// texture
m_vertexList.push_back(v); // add the next vertex to the list
}
}

m_numST = modelHeader->m_numST;

stPtr = (stIndex_t*)&buffer[modelHeader->offsetST];

float height;
float width;
// if we don't have a texture
if( m_texture == NULL ){
width = 1.0f; // no texture coords
height = 1.0f;
}
else{
// set the proper texture height and width
width = m_texture->getSize().width;
height = m_texture->getSize().height;
}

///////////////////////////
//FILE* filep = fopen("tex_coords.txt", "w");
//fprintf(filep, "num tex coords: %d\n", m_numST);

// read in the texture coords
for (i = 0; i < m_numST; i++){
m_vertexList[i].u = (float)stPtr[i].s / width;
m_vertexList[i].v = 1 - (float)stPtr[i].t / height;

// fprintf(filep, "%f %f\n", m_vertexList[i].u, m_vertexList[i].v);
}

//fclose(filep);
//////////////////////////

m_numTriangles = modelHeader->numTris;

// point to triangle indexes in buffer
bufIndexPtr = (mesh_t*)&buffer[modelHeader->offsetTris];

indexList.resize( m_numFrames * m_numTriangles );
// create a mesh (triangle) list
for(j = 0; j < m_numFrames; j++)
{
// for all triangles in each frame
for(i = 0; i < m_numTriangles; i++)
{
indexList[i].meshIndex[0] = bufIndexPtr[i].meshIndex[0];
indexList[i].meshIndex[1] = bufIndexPtr[i].meshIndex[1];
indexList[i].meshIndex[2] = bufIndexPtr[i].meshIndex[2];
indexList[i].stIndex[0] = bufIndexPtr[i].stIndex[0];
indexList[i].stIndex[1] = bufIndexPtr[i].stIndex[1];
indexList[i].stIndex[2] = bufIndexPtr[i].stIndex[2];
}
}


/* Build the display index list (shouldn't change, only the position of vertices should
/* change during animation/interpolation) */

m_displayIndexList.clear();
m_displayIndexList.reserve( m_numTriangles * 3 );

// insert the indices into the display index list (to pass as a complete array to drawIndexedTriangleList)
for(i=0; i < m_numTriangles; i++){
m_displayIndexList.push_back( indexList[i].meshIndex[0] );
m_displayIndexList.push_back( indexList[i].meshIndex[1] );
m_displayIndexList.push_back( indexList[i].meshIndex[2] );
}

// add the texture coords to the vertices
for(i=0; i < m_numFrames; i++){
for(int j=0; j < m_numVertices; j++){
// Copy the texture coords from the vertices of the first keyframe
// to the other vertices of all the other frames.
m_vertexList[(i*m_numVertices) + j].u = m_vertexList[(0*m_numVertices) + j].u;
m_vertexList[(i*m_numVertices) + j].v = m_vertexList[(0*m_numVertices) + j].v;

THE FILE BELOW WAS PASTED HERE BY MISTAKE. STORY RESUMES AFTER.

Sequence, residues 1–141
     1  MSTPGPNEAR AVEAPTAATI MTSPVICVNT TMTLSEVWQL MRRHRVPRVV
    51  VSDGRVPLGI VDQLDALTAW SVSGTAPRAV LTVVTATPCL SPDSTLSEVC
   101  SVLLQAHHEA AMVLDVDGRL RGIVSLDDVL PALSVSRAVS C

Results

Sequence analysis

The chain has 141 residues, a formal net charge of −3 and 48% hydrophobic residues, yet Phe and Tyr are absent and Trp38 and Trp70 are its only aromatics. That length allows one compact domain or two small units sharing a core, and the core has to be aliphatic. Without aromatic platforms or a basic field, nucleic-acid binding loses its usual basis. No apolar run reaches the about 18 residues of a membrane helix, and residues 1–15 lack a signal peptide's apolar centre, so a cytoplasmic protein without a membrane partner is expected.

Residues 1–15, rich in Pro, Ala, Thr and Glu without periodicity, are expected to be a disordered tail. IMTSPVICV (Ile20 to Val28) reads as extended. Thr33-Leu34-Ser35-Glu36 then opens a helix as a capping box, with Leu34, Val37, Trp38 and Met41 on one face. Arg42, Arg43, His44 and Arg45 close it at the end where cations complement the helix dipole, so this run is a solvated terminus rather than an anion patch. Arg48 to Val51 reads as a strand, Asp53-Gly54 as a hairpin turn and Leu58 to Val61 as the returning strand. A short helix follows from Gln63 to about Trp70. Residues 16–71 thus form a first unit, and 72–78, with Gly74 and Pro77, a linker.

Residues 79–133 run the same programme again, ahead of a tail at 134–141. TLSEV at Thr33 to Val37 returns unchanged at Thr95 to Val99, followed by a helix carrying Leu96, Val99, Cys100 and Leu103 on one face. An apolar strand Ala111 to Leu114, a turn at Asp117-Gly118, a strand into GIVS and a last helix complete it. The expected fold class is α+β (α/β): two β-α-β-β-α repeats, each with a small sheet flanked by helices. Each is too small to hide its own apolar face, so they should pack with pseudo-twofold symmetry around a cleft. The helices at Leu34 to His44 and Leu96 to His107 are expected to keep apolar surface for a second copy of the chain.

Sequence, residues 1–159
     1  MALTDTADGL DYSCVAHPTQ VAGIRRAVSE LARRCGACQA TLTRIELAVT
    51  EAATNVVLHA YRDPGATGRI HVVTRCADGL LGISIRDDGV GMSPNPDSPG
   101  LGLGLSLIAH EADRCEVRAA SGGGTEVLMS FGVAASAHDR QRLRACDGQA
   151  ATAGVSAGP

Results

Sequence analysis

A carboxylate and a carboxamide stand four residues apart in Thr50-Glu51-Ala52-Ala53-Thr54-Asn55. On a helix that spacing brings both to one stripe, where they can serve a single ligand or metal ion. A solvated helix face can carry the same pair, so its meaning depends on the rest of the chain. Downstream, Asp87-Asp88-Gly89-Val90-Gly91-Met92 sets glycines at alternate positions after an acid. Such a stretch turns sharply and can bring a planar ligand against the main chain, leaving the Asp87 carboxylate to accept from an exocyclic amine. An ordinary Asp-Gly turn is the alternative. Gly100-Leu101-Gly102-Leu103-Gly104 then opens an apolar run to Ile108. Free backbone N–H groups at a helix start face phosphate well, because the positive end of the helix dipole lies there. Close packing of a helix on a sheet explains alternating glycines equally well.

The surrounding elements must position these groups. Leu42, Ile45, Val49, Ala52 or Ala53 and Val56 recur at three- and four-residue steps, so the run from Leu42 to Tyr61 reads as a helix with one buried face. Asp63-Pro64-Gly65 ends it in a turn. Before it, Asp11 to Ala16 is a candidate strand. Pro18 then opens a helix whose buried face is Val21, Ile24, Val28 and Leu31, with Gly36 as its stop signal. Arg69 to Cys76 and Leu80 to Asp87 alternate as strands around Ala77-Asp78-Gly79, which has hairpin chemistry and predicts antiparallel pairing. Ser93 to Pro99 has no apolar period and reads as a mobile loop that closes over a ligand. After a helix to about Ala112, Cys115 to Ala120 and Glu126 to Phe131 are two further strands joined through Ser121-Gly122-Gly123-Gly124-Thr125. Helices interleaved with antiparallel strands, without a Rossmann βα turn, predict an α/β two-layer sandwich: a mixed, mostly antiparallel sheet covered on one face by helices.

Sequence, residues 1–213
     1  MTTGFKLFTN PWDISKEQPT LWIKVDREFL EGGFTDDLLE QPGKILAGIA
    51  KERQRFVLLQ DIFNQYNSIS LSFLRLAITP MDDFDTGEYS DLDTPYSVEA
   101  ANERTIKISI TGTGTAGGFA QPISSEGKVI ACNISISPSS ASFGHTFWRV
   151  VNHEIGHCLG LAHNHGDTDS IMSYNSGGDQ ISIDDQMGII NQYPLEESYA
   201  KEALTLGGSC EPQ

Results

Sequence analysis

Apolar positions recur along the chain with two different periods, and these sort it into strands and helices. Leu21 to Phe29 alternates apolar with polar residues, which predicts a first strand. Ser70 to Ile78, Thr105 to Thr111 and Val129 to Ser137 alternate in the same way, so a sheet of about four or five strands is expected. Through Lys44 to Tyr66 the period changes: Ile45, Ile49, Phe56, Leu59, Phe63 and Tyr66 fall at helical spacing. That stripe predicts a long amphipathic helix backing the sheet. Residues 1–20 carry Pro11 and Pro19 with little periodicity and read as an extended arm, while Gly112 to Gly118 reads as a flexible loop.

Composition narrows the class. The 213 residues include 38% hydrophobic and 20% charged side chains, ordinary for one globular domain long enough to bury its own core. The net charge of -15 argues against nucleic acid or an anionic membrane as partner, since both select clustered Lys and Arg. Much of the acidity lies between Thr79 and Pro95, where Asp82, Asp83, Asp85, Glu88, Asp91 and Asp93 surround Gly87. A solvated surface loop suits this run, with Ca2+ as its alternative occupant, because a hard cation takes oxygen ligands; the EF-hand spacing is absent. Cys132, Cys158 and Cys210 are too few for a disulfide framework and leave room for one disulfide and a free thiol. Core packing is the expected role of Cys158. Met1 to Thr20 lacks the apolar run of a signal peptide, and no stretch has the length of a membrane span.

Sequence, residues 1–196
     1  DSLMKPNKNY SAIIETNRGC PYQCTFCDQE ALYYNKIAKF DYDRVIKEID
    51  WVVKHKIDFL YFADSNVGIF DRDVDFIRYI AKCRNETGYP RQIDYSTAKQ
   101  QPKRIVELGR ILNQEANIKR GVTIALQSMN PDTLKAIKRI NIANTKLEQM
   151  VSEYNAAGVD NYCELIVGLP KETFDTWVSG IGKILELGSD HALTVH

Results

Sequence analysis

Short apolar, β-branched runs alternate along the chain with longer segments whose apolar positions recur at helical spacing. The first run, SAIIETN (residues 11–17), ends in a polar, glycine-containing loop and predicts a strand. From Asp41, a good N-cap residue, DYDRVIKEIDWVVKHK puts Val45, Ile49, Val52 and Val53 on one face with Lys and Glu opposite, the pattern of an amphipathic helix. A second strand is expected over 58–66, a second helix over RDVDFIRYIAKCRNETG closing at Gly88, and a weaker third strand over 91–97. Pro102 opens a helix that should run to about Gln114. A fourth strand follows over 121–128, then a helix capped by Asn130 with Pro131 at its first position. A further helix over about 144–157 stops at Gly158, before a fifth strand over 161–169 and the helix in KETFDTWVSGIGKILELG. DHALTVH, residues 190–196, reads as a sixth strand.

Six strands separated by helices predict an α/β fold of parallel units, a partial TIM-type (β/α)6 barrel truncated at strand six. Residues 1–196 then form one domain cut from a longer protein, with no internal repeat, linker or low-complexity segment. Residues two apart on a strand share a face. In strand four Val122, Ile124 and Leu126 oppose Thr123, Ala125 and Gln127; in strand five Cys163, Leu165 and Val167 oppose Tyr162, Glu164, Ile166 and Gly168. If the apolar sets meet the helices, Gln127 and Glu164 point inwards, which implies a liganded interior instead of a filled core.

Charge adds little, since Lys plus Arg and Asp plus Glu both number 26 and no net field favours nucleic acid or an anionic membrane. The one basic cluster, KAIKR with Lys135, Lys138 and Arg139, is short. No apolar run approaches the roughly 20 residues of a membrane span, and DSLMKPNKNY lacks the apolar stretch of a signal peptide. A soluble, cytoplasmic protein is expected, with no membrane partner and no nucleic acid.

// NOTE:: this will probably kill the memory paging system on the computer, with
// the 67,000 vertices total for all the keyframes, because we're always refering
// back to the first keyframe.
}
}


// close file and free memory
free(buffer);

m_currentFrame = 0;
m_nextFrame = 1;
m_interpol = 0.0f;

return true;
}






This is the render function:

/**
* Render the model using indexed triangle lists.
*/

void render()
{
if(m_texture)
m_texture->apply(); // apply the texture

// if the animation state is NOT correct for the currentFrame
if( !(m_currentFrame >= MD2AnimationList[m_animState].begin &&
m_currentFrame < MD2AnimationList[m_animState].end) ){

// set the animation state correctly for the currentFrame of animation
for(int i=0; i < NUM_OF_ANIM; i++)
if( m_currentFrame >= MD2AnimationList[i].begin && m_currentFrame < MD2AnimationList[i].end ){
m_animState = (MD2AnimationState) i;
break;
}
}

// calculate the percentage for advance through the frames depending
// on the animation data and the frames-per-second for each anim
float p = (float)( MD2AnimationList[m_animState].fps /
(float)( MD2AnimationList[m_animState].end - MD2AnimationList[m_animState].begin) );

// update the animation
updateInterpolation(p);

// draw the indexed triangle list
m_sceneManager->getVideoDriver()->drawIndexedTriangleList(
m_displayVertexList.getPtr(), m_displayVertexList.getSize(),
m_displayIndexList.getPtr(), m_displayIndexList.getSize() );

ISceneGraphNode::render(); // render all the children
}







/**
* Draws an indexed triangle list.
* \param v A const pointer to an array of CVertex3d objects, that are the vertices in the object
* \param vertex_count The number of vertices in the array
* \param index_list A pointer to the array of indices (unsigned int)
* \param index_count The size of the index array
*/

void COpenGLDriver::drawIndexedTriangleList(const scene::CVertex3d* v, unsigned int vertex_count,
const unsigned int* index_list, unsigned int index_count)
{
util::array<unsigned char> color_buffer; // temporarily holds the colors in float format, which OGL understands

// Enable the use of vertex arrays